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Antonio Caldara - Missa Dolorosa - Stabat Mater - Sinfonias in G and E minor (1997)

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Antonio Caldara - Missa Dolorosa - Stabat Mater - Sinfonias in G and E minor (1997)

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Sant' Elena al Calvario: Introduzione, "Sinfonia No. 6 in G minor"

1. Sant' Elena al Calvario: Introduzione, "Sinfonia No. 6 in G minor" 04:49

Stabat mater

2. I. Stabat Mater dolorosa 01:39
3. II. Cujus animam gementem 01:53
4. III. Quis est home 04:37
5. IV. Sancta Mater 01:03
6. V. Tui nati vulnerati 01:49
7. VI. Fac me tecum 01:02
8. VII. Juxta crucem 01:06
9. VIII. Virgo virginum:01:28
10. IX. Fac, ut portem 02:32
11. X. Flammis ne urar succensus 00:00:58
12. XI. Christe, cum sit hinc exire 00:01:36
13. XII. Fac ut animae donatur 00:02:12

Gioseffo che interpreta i sogni: Introduzione, "Sinfonia No. 10 in E minor"

14. Gioseffo che interpreta i sogni: Introduzione, "Sinfonia No. 10 in E minor" 03:46

Missa dolorosa

15. I. Kyrie:06:54
16. II. Gloria 12:51
17. III. Credo 06:08
18. IV. Sanctus 01:07
19. V. Benedictus 01:54
20. VI. Agnus Dei 03:42

Swiss-Italian Radio Chorus
Aura Musicale Ensemble
Diego Fasolis – organ

Rene Clemencic – conductor

 

Until he arrived in Vienna in 1716, Venetian-born Antonio Caldara (1670-1736) was one of early 18th-century Italy’s most prominent opera composers and freelance cellists. However, his duties at the Viennese court required–in addition to opera–enormous amounts of church music, including cantatas, masses, oratorios, and various types of service music. During this last 20 years of his life Caldara obliged with hundreds of such pieces, including the mass and Stabat Mater on this program. It’s going too far to suggest a worthy comparison of Caldara’s Stabat Mater with Bach’s music, as the blurb on the disc’s back cover does, but this very substantial (nearly 25 minutes), Italianate (think Vivaldi and Corelli) work for soloists, chorus, and orchestra goes beyond mere function to display the effort of a fine melodist (yet nowhere near the caliber of Bach) as well as the telltale signs of complete mastery of form and forces. As you might expect from an opera composer, Caldara’s writing in both the mass and the Stabat Mater also shows an affinity for mood and effective text setting. A fondness for fugal-style writing and occasional harmonic surprises is apparent throughout. The chorus sings very well, and since we so rarely hear Italian choirs on recordings, it’s especially welcome to hear this very open, round, full-bodied ensemble sound. Similar compliments must go to the soloists, all of whom sing with an essential degree of emotional commitment that permeates their decidedly non-virtuosic music. The unnamed soloist in the Stabat Mater’s ninth verse, “Fac, ut portem” (the most beautiful of the work’s melodies) is a real pleasure to hear. Conductor René Clemencic, known to most listeners for his many flute recordings, directs a confident, very competent chamber orchestra that also plays alone in two of Caldara’s instrumental Sinfonias. The sound is close, vibrant, bottom-heavy and rumbly, this last especially noticeable at higher volume. ---David Vernier, classicstoday.com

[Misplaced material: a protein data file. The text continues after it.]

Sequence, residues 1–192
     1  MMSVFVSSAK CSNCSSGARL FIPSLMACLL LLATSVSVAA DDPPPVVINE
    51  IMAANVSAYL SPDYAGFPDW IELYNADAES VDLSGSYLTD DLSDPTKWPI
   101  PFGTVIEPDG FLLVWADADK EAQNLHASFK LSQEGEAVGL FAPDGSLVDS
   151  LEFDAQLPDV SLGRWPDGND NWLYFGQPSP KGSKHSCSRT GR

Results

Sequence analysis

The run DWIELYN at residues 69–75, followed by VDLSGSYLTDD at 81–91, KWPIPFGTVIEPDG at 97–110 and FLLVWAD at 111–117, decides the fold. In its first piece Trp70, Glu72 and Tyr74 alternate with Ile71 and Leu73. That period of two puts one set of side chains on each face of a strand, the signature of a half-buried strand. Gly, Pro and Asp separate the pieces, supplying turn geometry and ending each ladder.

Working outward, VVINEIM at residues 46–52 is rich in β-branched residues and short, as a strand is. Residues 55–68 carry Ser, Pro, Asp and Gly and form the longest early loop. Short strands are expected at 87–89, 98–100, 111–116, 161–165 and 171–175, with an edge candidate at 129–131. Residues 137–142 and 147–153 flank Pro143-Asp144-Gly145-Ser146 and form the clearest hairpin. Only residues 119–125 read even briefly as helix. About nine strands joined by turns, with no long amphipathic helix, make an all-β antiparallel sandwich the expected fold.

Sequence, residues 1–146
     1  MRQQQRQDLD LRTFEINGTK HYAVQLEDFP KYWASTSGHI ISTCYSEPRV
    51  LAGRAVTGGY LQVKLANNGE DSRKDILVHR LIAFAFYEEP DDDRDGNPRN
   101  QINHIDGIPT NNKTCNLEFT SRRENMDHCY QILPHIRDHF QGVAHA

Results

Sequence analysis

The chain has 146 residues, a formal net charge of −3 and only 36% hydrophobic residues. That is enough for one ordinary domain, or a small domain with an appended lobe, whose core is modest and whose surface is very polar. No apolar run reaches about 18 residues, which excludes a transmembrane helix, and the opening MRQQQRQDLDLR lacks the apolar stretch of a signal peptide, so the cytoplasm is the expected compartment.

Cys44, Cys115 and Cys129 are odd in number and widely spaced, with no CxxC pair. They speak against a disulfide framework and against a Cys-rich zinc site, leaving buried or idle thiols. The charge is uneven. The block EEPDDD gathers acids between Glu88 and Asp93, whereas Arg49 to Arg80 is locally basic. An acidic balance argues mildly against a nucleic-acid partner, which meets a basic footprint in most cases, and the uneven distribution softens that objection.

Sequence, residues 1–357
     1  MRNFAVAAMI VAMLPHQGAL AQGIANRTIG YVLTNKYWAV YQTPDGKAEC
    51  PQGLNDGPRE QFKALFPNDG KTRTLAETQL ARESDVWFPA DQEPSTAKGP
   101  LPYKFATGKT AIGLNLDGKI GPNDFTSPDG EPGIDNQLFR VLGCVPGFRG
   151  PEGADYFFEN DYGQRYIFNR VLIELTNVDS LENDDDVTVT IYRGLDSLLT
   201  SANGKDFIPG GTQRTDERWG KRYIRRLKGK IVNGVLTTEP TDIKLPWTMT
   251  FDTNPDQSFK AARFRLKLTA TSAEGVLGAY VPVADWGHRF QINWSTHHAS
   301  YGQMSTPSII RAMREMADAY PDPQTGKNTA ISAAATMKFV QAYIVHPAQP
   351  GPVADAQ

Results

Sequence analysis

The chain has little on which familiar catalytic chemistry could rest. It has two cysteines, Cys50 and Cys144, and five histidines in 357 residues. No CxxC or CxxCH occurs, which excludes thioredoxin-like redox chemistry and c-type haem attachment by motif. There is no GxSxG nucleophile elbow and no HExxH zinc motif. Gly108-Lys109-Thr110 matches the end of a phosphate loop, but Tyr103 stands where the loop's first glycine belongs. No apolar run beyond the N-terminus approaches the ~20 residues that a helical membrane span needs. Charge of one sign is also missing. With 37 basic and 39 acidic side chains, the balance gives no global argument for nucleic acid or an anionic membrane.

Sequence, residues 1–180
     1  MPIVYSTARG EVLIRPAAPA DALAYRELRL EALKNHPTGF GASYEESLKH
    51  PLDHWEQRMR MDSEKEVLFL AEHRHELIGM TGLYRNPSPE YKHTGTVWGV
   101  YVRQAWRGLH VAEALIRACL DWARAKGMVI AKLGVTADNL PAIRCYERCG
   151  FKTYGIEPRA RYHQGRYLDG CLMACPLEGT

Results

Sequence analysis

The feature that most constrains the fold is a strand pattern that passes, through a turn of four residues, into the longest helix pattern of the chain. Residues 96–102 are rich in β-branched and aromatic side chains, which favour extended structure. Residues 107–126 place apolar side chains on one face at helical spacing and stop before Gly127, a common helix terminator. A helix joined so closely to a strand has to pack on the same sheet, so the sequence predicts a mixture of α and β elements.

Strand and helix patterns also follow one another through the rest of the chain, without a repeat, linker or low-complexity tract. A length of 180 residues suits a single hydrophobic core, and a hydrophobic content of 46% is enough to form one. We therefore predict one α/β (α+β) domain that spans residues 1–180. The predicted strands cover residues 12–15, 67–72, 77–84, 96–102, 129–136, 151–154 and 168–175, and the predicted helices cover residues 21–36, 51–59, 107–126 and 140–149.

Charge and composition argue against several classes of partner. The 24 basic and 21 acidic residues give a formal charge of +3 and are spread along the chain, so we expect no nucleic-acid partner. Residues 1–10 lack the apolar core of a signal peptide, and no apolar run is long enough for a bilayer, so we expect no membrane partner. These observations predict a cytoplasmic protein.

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Last Updated (Friday, 27 September 2013 22:23)

 

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